2WATER CHEMISTRYChemical composition of waters is expressed in terms of major anion and cation contents.Major Cations: Na+, K+, Ca++, Mg++Major Anions: HCO3- (or CO3=), Cl-, SO4=HCO3- dominant in neutral conditionsCO3= dominant in alkaline (pH>8) conditionsH2CO3 dominant in acidic conditionsAlso dissolved silica (SiO2) in neutral formas a major constituentMinor constituents: B, F, Li, Sr, ...
3WATER CHEMISTRYconcentration of chemical constituents are expressed in units ofmg/l (ppm=parts per million)(mg/l is the preferred unit)MolalityMolality = no. of moles / kg of solventNo.of moles = (mg/l*10-3) / formula weight
4WATER CHEMISTRYErrors associated with water analyses are expressed in terms of CBE (Charge Balance Error)CBE (%) = ( z x mc - z x ma ) / (z x mc + z x ma )* 100where,mc is the molality of cationma is the molality of anionz is the chargeIf CBE 5%, the results are appropriate to use in any kind of interpretation
5The constituents encountered in geothermal fluids TRACERSChemically inert, non-reactive, conservative constituents(once added to the fluid phase, remain unchanged allowing their origins to be traced back to their source component - used to infer about the source characteristics)e.g. He, Ar (noble gases), Cl, B, Li, Rb, Cs, N2GEOINDICATORSChemically reactive, non-conservative species(respond to changes in environment - used to infer about the physico-chemical processes during the ascent of water to surface, also used in geothermometry applications)e.g. Na, K, Mg, Ca, SiO2
6WATER CHEMISTRYIn this chapter, the main emphasis will be placed on the use of water chemistry in the determination of :underground (reservoir) temperatures : geothermometersboiling and mixing relations (subsurface physico-chemical processes)
7HYDROTHERMAL REACTIONS The composition of geothermal fluids are controlled by : temperature-dependent reactions between minerals and fluidsThe factors affecting the formation of hydrothermal minerals are:temperaturepressurerock typepermeabilityfluid compositionduration of activity
8At lower temperatures, ZEOLITES and CLAY MINERALS are found. The effect of rock type --- most pronounced at low temperatures & insignificant above 280CAbove 280C and at least as high as 350C, the typical stable mineral assemblages (in active geothermal systems) are independent of rock type and includeALBITE, K-FELDSPAR, CHLORITE, Fe-EPIDOTE, CALCITE, QUARTZ, ILLITE & PYRITEAt lower temperatures, ZEOLITES and CLAY MINERALS are found.At low permeabilities equilibrium between rocks and fluids is seldom achieved.When permeabilities are relatively high and water residence times are long (months to years), water & rock should reach chemical equilibrium.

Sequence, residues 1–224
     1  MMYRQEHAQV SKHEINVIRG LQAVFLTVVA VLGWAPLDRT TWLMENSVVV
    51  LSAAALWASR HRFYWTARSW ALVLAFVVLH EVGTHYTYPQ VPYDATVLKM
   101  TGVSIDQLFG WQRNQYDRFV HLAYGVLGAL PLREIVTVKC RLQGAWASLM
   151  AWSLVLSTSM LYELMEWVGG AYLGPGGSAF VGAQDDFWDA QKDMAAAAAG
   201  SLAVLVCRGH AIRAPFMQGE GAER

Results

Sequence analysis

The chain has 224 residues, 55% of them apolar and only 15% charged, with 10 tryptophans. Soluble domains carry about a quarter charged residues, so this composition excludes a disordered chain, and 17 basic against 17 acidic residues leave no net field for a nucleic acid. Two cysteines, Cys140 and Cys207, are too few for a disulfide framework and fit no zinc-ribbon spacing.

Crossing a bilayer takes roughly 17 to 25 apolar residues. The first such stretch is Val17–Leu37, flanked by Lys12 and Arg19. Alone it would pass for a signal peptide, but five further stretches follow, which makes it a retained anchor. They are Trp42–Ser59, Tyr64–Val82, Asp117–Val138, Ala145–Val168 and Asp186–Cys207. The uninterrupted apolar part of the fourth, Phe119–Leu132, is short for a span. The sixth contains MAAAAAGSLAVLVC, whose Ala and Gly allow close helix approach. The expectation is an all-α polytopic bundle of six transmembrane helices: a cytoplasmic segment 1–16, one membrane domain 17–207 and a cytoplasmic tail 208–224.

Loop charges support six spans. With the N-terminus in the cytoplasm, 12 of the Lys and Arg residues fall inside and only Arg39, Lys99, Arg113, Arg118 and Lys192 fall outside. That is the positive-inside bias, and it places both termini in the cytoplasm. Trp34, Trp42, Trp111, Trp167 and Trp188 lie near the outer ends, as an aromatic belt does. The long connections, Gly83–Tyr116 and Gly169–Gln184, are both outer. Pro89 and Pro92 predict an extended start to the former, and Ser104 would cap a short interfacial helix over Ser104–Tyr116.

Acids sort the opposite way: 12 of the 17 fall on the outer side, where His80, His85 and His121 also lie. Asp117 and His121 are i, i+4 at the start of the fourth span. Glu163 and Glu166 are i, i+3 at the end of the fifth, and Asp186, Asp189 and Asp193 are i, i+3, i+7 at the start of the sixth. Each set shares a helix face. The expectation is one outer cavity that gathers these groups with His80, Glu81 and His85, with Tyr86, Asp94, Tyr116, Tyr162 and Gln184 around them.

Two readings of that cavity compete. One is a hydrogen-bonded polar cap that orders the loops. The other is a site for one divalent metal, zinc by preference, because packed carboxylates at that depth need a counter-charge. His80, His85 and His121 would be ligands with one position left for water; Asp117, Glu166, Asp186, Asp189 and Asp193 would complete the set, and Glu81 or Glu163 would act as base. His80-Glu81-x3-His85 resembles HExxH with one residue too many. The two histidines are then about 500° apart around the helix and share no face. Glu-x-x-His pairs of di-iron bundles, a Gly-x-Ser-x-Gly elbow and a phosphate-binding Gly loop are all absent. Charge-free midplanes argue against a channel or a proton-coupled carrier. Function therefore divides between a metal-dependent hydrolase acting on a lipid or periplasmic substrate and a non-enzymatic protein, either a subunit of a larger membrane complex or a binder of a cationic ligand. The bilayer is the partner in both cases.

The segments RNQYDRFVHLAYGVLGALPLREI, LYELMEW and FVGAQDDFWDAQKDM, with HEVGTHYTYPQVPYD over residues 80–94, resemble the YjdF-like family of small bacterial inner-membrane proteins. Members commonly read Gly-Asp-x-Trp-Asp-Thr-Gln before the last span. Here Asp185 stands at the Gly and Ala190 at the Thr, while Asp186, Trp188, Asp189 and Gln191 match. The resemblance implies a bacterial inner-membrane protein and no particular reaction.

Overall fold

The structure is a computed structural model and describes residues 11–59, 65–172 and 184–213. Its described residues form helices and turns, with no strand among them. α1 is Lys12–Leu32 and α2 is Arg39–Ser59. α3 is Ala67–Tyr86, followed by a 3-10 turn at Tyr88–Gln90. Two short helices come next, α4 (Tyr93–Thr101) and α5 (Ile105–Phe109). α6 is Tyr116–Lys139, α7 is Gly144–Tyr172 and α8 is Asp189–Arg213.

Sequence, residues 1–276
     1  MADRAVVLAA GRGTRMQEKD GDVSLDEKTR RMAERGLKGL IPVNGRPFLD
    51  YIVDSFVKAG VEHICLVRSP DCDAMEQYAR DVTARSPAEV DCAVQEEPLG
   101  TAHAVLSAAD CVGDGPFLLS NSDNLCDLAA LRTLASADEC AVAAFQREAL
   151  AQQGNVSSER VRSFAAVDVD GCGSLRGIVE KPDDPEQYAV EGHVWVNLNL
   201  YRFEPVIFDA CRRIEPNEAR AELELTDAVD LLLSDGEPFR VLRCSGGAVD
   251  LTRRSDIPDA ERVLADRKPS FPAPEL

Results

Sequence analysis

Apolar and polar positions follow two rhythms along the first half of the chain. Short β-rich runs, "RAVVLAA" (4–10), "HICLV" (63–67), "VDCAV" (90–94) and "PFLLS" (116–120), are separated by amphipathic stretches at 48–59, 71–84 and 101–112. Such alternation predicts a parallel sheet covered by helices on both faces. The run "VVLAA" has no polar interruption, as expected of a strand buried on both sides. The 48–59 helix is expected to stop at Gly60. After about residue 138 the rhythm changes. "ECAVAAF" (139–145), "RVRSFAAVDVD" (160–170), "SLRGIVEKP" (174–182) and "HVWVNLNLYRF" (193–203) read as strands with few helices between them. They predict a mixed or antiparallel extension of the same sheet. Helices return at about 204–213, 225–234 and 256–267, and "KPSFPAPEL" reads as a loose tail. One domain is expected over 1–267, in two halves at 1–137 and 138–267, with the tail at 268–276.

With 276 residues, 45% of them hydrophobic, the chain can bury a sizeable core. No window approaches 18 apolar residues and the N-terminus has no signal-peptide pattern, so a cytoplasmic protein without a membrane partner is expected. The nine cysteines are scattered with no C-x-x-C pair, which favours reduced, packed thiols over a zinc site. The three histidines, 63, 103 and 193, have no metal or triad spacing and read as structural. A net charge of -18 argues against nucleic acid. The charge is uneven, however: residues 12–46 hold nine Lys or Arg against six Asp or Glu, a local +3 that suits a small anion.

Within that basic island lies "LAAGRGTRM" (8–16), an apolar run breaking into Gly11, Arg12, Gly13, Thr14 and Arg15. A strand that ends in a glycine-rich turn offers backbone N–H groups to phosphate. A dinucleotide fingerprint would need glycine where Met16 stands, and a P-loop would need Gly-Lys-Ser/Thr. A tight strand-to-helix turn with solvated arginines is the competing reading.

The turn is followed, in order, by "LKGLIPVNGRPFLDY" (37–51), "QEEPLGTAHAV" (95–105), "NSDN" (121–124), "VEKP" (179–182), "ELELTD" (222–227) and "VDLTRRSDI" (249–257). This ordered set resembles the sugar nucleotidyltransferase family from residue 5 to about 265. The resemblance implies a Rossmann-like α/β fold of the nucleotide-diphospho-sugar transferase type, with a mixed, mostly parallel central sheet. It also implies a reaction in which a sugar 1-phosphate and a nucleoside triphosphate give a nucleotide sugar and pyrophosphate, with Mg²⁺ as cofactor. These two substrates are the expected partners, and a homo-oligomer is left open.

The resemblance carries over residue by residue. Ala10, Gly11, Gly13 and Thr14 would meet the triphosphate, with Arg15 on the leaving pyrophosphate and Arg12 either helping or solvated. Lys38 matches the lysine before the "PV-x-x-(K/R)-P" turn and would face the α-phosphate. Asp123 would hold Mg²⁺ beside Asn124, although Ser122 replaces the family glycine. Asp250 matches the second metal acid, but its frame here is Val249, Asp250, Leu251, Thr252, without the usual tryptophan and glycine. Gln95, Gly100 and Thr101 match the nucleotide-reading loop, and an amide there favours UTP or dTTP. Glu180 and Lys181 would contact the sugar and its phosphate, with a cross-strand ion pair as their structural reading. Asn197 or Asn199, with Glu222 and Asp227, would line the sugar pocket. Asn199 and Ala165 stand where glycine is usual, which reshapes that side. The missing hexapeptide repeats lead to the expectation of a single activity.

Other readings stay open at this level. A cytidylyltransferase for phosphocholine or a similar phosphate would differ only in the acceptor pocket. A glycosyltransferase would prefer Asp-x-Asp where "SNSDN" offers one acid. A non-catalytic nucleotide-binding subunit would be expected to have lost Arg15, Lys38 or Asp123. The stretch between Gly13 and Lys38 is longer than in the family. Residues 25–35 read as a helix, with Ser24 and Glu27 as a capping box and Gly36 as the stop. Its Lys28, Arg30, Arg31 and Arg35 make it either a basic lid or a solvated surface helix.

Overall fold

9At equilibrium, ratios of cations in solution are controlled by temperature-dependent exchange reactions such as:NaAlSi3O8 (albite) + K+ = KAlSi3O8 (K-felds.) + Na+Keq. = Na+ / K+Hydrogen ion activity (pH) is controlled by hydrolysis reactions, such as :3 KAlSi3O8 (K-felds.) + 2 H+ = K Al3Si3O10(OH)2 (K-mica)+ 6SiO K+Keq. = K+ / H+where,Keq. = equilibrium constant,square brackets indicate activities of dissolved species (activity is unity for pure solid phases)
10ESTIMATION OF RESERVOIR TEMPERATURES The evaluation of the reservoir temperatures for geothermal systems is made in terms of GEOTHERMOMETRY APPLICATIONS
12GEOTHERMOMETRY APPLICATIONS One of the major tools for the exploration & developmentof geothermal resources
13GEOTHERMOMETRY estimation of reservoir (subsurface) temperatures using Chemical & isotopic composition of surface discharges fromwells and/ornatural springs/fumaroles
14GEOTHERMOMETERS CHEMICAL GEOTHERMOMETERS ISOTOPIC GEOTHERMOMETERS utilize the chemical compositionsilica and major cation contents of water dischargesgas concentrations or relative abundances of gaseous components in steam dischargesISOTOPIC GEOTHERMOMETERSbased on the isotope exchange reactions between various phases (water, gas, mineral) in geothermal systems
15Focus of the Course CHEMICAL GEOTHERMOMETERS As applied to water dischargesPART I. Basic Principles & TypesPART II. Examples/Problems
16CHEMICAL GEOTHEROMOMETERS PART I. Basic Principles &Types
17BASIC PRINCIPLES Chemical Geothermometers are developed on the basis of temperature dependent chemical equilibrium between the water and the minerals at the deep reservoir conditionsbased on the assumption that the water preserves its chemical composition during its ascent from the reservoir to the surface
18BASIC PRINCIPLESStudies of well discharge chemistry and alteration mineralogythe presence of equilibrium in several geothermal fieldsthe assumption of equilibrium is valid
19BASIC PRINCIPLESAssumption of the preservation of water chemistry may not always holdBecause the water composition may be affected by processes such ascoolingmixing with waters from different reservoirs.
20BASIC PRINCIPLES Cooling during ascent from reservoir to surface: CONDUCTIVEADIABATIC